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Madhusudan Katti

Associate Professor, Leadership in Public Science

NC State University

Department of Forestry and Environmental Resources


While the extinction crisis driven by global changes like urbanization and climate destabilization easily drives us to despair, the remarkable adaptability and resilience shown by many species also brings hope. Our own species is also capable of adaptability and resilience, which can only be enhanced through a deeper understanding of the evolutionary history and adaptability of other species, so that we can build our own habitats in ways that accommodate rich biodiversity, helping pull us all out of the extinction spiral. This is my vision of Reconciliation Ecology, a participatory research paradigm that engages citizens and scholars in applying the frameworks of evolutionary ecology and social-ecological systems thinking towards finding ways to reconcile biodiversity conservation with human development.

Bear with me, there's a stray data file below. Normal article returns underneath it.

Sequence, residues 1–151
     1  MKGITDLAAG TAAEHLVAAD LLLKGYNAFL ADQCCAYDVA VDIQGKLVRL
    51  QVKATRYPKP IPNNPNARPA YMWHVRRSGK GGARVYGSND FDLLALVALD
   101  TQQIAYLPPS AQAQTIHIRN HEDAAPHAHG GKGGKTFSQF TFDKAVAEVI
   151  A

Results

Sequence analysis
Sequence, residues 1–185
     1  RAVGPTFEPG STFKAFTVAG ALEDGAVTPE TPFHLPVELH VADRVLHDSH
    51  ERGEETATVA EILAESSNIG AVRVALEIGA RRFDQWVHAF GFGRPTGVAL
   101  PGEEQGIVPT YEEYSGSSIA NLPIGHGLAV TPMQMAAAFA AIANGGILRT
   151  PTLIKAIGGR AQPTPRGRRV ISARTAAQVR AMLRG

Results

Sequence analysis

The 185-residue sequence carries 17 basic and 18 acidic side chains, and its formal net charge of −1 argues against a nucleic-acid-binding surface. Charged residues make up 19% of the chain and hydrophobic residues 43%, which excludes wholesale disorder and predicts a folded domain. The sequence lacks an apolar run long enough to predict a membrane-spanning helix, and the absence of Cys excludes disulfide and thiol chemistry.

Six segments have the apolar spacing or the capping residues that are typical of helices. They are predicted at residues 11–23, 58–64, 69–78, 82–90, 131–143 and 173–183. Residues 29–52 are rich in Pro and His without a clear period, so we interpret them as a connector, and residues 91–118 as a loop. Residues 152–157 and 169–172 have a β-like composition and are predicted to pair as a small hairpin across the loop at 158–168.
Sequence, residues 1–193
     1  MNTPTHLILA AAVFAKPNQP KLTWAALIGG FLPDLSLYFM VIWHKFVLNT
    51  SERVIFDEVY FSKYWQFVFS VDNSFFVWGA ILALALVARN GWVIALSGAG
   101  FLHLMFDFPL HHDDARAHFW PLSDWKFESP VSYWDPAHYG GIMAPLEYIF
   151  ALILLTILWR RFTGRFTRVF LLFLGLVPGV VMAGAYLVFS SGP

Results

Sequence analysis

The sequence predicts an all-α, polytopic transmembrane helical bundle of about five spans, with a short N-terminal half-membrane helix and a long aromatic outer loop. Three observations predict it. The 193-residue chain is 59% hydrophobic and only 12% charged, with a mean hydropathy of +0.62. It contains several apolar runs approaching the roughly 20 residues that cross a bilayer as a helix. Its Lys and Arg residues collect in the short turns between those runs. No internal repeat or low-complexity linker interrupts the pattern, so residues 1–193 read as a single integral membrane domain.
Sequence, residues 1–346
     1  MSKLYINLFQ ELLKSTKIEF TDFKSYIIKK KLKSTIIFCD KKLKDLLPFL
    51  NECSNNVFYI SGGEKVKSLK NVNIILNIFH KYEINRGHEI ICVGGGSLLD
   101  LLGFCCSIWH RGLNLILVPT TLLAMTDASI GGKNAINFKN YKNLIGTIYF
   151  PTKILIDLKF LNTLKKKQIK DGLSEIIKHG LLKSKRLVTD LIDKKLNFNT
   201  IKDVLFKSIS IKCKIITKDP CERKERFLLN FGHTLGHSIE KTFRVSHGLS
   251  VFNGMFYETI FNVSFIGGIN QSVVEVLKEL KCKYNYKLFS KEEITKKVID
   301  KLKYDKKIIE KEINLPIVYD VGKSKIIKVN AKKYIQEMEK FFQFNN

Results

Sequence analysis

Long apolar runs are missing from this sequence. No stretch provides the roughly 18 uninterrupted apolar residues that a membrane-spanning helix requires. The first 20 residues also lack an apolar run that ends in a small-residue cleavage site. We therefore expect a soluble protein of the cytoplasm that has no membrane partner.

Area(s) of Expertise

We live in extraordinary times for biodiversity in the history of life on our planet. Our own species has ushered in the sixth mega-extinction event in Earth’s long history. Species are disappearing at an alarming rate, many before we even realize their existence, largely because we’re sacrificing ecosystems at the altar of human development in a short-sighted economic paradigm. At the same time, often to the surprise of conservationists, many species are also adapting to the novel habitats engineered by humans, evolving to occupy the interstices of social-ecological systems that now define this age being dubbed the Anthropocene.